Look: I am eager to learn stuff I don't know--which requires actively courting and posting smart disagreement.

But as you will understand, I don't like to post things that mischaracterize and are aimed to mislead.

-- Brad Delong

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Everything that appears on this blog is the copyrighted property of somebody. Often, but not always, that somebody is me. For things that are not mine, I either have obtained permission, or claim fair use. Feel free to quote me, but attribute, please. My photos and poetry are dear to my heart, and may not be used without permission. Ditto, my other intellectual property, such as charts and graphs. I'm probably willing to share. Let's talk. Violators will be damned for all eternity to the circle of hell populated by Rosanne Barr, Mrs Miller [look her up], and trombonists who are unable play in tune. You cannot possibly imagine the agony. If you have a question, email me: jazzbumpa@gmail.com. I'll answer when I feel like it. Cheers!

Friday, June 24, 2011

What the Hell?!? Friday - Making the Case that Inflation Was a Bubble That Burst

The economic landscape, like the topographical landscape, has different realms.  Just as there are mountains, plains, deserts, frozen wastes and swamps, there are times of prosperity, boom, bust, chaos, and depression.  (This list is intended to be illustrative, not exhaustive, and no specific analogies to topographic features is expressed or implied.)

An intelligent mountain climber does not go to work in scuba gear; nor does one explore the desert in a parka.  Appropriate actions at any given place in time take into account the season, general environment and local conditions.  Austerity at a time of disinflation teetering on deflation is not only stupid, it is willfully ignorant.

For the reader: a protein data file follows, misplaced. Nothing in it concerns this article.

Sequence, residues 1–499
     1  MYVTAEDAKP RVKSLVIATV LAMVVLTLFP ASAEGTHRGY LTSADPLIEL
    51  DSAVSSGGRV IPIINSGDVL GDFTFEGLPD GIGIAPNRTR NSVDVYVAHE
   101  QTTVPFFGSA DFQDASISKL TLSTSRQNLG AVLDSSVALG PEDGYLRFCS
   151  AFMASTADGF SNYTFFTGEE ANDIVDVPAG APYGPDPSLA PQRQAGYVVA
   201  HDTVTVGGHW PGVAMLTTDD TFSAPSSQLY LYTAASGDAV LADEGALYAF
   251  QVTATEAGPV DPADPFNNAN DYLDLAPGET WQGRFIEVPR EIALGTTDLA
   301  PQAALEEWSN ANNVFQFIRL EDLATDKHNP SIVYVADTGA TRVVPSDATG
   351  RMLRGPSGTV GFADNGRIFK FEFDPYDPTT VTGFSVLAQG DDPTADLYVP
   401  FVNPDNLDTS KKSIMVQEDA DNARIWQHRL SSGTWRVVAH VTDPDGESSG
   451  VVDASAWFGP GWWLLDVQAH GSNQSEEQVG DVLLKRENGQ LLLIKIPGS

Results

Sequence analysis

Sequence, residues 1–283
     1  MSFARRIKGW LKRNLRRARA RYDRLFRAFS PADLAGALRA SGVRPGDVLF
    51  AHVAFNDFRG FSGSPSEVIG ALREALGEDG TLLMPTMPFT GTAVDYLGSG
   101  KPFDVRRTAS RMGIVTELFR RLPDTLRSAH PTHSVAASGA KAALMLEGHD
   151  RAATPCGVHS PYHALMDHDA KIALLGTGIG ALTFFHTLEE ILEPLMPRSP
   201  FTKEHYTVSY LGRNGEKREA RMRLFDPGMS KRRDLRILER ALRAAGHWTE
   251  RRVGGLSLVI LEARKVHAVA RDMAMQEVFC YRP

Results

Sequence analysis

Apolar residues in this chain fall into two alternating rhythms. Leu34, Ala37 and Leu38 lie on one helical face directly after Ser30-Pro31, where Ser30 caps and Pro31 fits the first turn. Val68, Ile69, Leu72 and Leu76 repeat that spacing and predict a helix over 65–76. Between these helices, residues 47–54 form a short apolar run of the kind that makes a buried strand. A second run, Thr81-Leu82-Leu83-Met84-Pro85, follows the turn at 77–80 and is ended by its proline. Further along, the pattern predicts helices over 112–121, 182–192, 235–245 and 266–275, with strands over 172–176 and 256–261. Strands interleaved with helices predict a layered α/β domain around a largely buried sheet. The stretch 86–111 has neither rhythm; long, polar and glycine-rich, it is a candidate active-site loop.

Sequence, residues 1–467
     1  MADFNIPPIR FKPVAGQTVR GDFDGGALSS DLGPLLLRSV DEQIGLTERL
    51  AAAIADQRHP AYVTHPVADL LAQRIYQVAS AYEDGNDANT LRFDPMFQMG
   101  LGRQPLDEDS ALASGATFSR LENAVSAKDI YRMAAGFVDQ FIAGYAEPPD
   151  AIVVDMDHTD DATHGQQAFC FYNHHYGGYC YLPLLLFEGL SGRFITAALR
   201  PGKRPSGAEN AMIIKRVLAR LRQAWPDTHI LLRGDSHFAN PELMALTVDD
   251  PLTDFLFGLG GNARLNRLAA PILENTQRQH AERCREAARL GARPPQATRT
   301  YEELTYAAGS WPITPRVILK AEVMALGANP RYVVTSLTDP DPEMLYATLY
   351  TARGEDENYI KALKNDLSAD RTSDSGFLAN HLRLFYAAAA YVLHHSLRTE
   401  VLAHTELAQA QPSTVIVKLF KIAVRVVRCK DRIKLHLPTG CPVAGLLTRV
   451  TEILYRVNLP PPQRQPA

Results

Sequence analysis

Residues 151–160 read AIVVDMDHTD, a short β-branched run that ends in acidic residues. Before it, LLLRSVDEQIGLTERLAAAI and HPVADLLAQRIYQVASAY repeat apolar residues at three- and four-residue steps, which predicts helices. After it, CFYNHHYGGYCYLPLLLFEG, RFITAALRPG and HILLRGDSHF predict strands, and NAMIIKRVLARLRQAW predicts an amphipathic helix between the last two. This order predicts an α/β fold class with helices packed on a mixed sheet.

Anyway, end of lecture.  Here, I make my case that inflation is a dragon long dead.  Whether Volker actually killed it or not, he was standing there at its side, sword in hand, when it's flame was snuffed.

Illustrating the Bubble.

Commodity Shocks, A key difference, then vs. now. 

Response to deficits, another key difference.


Where we are now.


Reditto.  From Beckworth, referenced here.

I rest my case.


The Arthurian said...

"Here, I make my case that inflation is a dragon long dead."

Looks to me like three of your first four links make the case that "there is no meaningful correlation between Federal budget deficits and inflation." ... "if there is a relationship between inflation and deficits, it is quite elusive."
Link #2 says there was a change in the early 1980s.
Links 5 and 6 say there ain't no inflation.
Link 7, the graph, shows an impressive relation between Personal Consumption Expenditures and CPI, though I don't know whether that is Beckworth's point in link 8.
Link 9 says there ain't no recovery.

In the first link you say
The large deficits under Bush did not correspond to high inflation. I attribute this to powerful secular deflationary forces that countered the inflationary thrust of the deficits.
But you do not identify the powerful secular deflationary forces. ((And, somehow, despite yourself, you manage to assume that the deficits do carry an "inflationary thrust".))